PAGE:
The Passage is 2.1 miles from one bay to the other. As we enter we have ½ hour before the tide changes. Stella makes good progress through the first half of the Passage riding the current. 6 knots then 5 knots. We’re slowing down. It’s only ¼ mile wide and we see nothing – no boats, no land, no buoys, no life - just the grey circle 100’ from us as we sweep though. We are tired, beat up and apprehensive. As this is our first encounter with Petit Passage we don’t dare explore - at this point our goal became simply to cross from the Bay of Fundy to St. Mary’s Bay and not hit anything. 4 knots! Three-quarters of the way through and we’re slowing down! With no visibility in the Passage and having not been there before, we don’t dare risk trying to find the Tiverton breakwater for refuge. The radar screen
is a mass of targets. We fear that any delay other than just avoiding rocks and boats would set the rage of tide against us and that would be that. The ground speed continues to decay. ¼ mile to go. I keep calculating the diminishing speed and distance to go curve and wonder if we are going to make it. I push the throttle on Johann – our old Volvo diesel
- a bit forward to see if he will give us a little more oomph.
We’re getting close to the exit - none too soon. The tide suddenly starts reversing. Boils of water swing Stella and our ground speed slows dramatically. We might be in a back eddy, who knows at this point. We are centered in the passage; we should be in the full stream. Should we try to find the back eddy? No let’s not chance putting Stella on the rocks. We end up with an increasing head current as we clear the Passage but we escape before its 8 knot
northbound current takes full flight. As we exit the Passage, everything becomes calmer. We round the headland and Stella turns northeast. The fisherman on Grand Manan was right; the timing was perfect.
While the sightseeing still isn’t likely in the gray, wet vista, we do have a relaxing 6 mile late afternoon sail up St Mary’s Bay with the incoming tide. The ugly chop is gone and the waves and wind are on our stern.
The little red light appears out of the fog at the entrance to Little River Cove at the end of the breakwater just as anticipated. It is the first thing we have seen since the lighthouse at the entrance to Petit Passage disappeared back into the fog a couple hours ago. We still don’t know what we’re in for in Little River. Will there be room for our little Stella? What kind of reception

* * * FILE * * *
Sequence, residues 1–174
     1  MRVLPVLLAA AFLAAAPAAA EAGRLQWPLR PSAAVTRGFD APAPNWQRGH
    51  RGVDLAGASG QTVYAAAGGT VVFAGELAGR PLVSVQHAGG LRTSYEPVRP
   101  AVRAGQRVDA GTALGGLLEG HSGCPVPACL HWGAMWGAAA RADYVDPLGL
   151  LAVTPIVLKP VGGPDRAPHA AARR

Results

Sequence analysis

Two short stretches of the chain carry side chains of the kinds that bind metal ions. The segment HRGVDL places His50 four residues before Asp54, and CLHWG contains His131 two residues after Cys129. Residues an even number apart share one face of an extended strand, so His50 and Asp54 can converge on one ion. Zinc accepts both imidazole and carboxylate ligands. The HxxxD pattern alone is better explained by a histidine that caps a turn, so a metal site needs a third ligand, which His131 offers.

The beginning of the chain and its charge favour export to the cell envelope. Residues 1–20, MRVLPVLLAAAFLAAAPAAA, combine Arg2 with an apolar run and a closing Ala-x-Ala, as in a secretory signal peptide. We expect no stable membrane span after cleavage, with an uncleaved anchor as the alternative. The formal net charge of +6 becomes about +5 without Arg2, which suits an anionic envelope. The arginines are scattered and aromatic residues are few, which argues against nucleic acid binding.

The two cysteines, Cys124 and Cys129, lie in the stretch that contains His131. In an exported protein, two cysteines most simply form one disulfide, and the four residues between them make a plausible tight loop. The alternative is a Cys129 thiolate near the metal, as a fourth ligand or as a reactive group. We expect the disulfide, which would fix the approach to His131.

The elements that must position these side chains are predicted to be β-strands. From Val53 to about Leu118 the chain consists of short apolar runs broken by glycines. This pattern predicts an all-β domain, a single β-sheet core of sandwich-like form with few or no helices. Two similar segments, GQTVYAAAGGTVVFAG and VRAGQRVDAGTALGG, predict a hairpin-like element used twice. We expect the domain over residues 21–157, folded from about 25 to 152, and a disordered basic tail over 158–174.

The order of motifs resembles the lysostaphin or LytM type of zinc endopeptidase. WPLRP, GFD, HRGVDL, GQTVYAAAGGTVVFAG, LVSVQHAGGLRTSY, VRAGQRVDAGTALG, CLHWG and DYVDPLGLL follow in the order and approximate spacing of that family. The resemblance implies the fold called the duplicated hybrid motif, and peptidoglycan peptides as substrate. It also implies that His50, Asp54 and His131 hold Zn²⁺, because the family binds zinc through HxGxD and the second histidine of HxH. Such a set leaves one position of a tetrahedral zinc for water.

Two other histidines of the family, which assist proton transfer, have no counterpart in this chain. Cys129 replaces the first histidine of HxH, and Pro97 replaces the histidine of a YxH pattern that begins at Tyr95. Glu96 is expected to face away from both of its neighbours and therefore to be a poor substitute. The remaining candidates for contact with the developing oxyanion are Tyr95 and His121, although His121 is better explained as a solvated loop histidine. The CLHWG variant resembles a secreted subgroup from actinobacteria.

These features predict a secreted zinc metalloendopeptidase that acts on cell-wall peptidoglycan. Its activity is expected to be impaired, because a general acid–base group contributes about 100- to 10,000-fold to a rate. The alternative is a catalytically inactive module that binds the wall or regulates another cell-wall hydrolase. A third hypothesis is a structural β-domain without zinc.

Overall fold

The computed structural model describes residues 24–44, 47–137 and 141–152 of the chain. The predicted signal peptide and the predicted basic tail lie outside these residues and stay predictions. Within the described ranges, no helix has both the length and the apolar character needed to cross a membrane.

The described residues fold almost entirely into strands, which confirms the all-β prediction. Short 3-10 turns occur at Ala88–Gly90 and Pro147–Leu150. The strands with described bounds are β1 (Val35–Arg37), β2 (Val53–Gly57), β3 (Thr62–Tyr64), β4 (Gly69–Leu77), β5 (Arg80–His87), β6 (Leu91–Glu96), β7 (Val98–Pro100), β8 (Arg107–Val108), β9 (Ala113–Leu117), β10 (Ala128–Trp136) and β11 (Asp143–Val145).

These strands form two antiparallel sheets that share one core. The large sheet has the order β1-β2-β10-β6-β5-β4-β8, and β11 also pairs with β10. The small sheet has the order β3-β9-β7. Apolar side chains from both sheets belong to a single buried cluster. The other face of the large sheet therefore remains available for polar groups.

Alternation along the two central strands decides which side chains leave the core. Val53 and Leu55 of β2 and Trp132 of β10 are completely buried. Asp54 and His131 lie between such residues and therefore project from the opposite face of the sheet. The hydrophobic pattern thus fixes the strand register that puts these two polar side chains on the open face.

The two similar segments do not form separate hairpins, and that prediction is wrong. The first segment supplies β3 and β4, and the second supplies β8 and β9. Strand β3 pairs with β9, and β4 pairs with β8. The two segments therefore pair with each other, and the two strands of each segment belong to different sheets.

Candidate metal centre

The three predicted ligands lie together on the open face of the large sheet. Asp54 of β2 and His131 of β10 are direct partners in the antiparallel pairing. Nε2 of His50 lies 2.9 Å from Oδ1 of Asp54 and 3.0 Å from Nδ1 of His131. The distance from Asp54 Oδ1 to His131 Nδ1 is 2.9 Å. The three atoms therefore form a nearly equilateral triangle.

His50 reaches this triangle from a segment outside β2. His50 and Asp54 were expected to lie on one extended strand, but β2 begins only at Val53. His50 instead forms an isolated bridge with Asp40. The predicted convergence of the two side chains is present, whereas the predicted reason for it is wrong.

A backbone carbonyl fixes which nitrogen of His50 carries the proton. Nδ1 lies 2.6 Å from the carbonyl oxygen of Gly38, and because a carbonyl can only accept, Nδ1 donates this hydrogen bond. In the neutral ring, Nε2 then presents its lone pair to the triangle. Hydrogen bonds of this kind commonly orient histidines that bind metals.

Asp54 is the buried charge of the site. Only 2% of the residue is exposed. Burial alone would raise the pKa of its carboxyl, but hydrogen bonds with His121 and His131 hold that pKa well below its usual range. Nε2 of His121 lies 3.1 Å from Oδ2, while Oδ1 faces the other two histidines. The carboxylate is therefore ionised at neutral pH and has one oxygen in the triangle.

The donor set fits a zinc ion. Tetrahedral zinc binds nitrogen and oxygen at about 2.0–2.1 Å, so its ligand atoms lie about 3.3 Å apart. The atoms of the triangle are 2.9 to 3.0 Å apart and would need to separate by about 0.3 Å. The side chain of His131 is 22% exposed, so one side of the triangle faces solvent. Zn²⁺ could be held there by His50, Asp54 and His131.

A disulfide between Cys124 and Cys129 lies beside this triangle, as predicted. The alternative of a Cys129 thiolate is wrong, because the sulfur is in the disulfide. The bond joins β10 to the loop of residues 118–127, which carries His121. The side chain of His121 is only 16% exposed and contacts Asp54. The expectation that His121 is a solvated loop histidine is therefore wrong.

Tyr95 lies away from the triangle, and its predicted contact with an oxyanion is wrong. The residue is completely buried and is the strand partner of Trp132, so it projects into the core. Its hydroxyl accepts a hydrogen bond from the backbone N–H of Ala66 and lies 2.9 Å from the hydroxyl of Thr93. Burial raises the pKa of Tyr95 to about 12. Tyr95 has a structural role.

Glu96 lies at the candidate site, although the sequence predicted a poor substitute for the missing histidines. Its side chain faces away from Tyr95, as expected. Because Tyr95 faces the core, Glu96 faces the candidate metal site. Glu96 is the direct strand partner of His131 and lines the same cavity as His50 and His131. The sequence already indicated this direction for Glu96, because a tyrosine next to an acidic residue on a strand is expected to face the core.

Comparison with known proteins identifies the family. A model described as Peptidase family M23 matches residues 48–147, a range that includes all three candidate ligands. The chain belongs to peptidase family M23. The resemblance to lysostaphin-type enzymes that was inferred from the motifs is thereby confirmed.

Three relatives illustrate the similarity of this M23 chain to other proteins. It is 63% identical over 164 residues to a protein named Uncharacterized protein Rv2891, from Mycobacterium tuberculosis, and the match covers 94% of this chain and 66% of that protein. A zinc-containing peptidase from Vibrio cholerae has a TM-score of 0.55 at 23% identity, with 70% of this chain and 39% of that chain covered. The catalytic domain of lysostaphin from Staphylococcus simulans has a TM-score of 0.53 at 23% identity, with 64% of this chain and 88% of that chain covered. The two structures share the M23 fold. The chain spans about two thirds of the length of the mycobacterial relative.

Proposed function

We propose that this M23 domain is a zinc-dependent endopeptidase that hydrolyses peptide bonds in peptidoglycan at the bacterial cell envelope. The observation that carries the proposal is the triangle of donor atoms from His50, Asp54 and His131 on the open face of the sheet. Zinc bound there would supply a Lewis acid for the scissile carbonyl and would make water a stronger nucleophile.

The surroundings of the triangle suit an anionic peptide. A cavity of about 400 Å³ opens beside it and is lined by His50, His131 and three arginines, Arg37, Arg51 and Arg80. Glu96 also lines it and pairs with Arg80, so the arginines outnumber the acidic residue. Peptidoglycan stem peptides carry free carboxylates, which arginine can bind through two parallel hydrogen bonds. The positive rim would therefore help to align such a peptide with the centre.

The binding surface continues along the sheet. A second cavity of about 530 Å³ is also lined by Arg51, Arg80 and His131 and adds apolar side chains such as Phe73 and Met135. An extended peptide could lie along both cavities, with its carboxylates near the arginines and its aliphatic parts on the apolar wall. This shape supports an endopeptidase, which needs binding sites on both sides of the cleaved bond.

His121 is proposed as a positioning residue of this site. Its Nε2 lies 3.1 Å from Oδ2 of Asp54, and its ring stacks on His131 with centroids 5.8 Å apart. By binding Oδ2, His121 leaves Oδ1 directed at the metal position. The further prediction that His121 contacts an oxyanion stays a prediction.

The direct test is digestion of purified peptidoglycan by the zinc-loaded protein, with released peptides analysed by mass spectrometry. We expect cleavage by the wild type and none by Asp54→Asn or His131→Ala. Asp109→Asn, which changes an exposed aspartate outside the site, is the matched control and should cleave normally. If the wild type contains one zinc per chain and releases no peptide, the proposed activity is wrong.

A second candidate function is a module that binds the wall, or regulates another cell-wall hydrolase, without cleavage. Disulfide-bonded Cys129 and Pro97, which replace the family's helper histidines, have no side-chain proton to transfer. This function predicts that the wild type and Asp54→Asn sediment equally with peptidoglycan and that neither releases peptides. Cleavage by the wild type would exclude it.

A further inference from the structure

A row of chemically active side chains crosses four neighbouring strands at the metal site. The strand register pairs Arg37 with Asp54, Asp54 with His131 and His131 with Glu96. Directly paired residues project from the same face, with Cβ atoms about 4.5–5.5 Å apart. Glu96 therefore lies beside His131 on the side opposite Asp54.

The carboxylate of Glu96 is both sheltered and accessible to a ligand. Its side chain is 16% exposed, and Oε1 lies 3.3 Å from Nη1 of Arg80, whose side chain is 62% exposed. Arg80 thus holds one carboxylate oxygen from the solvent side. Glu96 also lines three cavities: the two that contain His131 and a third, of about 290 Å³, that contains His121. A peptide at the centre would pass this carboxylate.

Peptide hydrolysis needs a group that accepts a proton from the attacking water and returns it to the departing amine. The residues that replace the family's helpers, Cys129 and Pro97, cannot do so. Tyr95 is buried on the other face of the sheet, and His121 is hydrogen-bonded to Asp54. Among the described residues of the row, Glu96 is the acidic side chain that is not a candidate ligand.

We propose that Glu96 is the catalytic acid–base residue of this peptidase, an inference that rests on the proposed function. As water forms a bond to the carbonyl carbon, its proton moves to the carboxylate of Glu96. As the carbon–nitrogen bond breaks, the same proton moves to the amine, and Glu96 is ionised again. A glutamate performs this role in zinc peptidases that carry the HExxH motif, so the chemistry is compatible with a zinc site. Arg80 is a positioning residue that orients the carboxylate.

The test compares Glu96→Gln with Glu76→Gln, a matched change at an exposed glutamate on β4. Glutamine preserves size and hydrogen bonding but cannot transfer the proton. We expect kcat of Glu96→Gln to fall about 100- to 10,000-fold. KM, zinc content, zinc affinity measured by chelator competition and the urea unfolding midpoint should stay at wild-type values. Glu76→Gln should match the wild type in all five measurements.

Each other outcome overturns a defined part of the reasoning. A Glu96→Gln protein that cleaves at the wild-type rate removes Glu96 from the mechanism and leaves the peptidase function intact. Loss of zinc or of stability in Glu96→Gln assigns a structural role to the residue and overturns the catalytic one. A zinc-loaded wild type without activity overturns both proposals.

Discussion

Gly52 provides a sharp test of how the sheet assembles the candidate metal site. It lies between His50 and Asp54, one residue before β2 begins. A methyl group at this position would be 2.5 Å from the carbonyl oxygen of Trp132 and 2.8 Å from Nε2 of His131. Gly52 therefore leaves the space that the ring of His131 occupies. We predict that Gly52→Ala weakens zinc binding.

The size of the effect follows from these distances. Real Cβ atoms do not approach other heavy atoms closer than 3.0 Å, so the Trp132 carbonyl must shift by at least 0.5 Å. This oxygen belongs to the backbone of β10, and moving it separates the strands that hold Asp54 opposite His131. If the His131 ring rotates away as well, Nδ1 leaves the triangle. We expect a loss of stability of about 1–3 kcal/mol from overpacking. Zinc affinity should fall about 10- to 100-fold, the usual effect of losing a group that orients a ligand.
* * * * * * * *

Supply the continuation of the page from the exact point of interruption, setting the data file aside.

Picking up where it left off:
will we get?
The entrance to the cove between the breakwater and a cliff is less than 180 feet wide. Upon entering in zero-viz after a long, white knuckle day and not having been there before, one is temped to take immediate refuge by turning to port behind the breakwater - the first secure thing we had seen all day. Typically with these big tides (about 7 meters in this area) we would raft up with one of the fishing
boats. However by pressing on another couple hundred feet we discover a second breakwater appearing on the port side. Inside this breakwater we come upon a convenient floating dock
with a nice ramp
. The dock
is fairly short – 30’ Stella covered the entire face and then some.
It didn’t take long (moments really) before word got out that there was an American sailboat in the cove. We were an immediate local attraction. We discovered that no one could remember when an American sailboat had ever been in the harbor before. Retired fisherman Forrest Boliver remembered that a seiner from Eastport stopped in sometime in the 1960’s. And Chet Denton, a prominent member
of Little River’s fishing fleet couldn’t remember seeing a U.S. sailboat in the cove – ever! People were driving down to the dock to take a look. People had their cameras out to document the occasion. We were advised by one of the many local spectators that there was good water at any tide at the dock so we were safe to leave her secured there. The rest of the harbor is for the small fishing fleet. We found the harbor secure and the locals typically very friendly. We were told, almost apologetically, that Sandy Cove just up the coast would be better protected. But we liked Little River just fine and stayed put. I spent three marvelous early mornings talking with Chet about life in the area and an earlier more productive time of fishing in the bay. Chet noted, as he tended his trap lines in preparation for the next lobster season, that the only wind that could come to harm one would be a stiff easterly/northeasterly wind. That kind of wind just wasn’t in the forecast
The store ½ mile up the road has more than just the basic supplies indicated in the Nova Scotia Cruising Guide. Ice, cheerful conversation, local advice
, boots, bolts and nuts, a good selection of foodstuffs, ice cream, raingear, rat traps, pet food
to outfit the local fleet, and much more can all be acquired at the Little River Trading Post.
When leaving a few days later on a clear morning, we are astonished to discover the beautiful and dramatic cliff faces along Digby Neck side of St Mary’s Bay.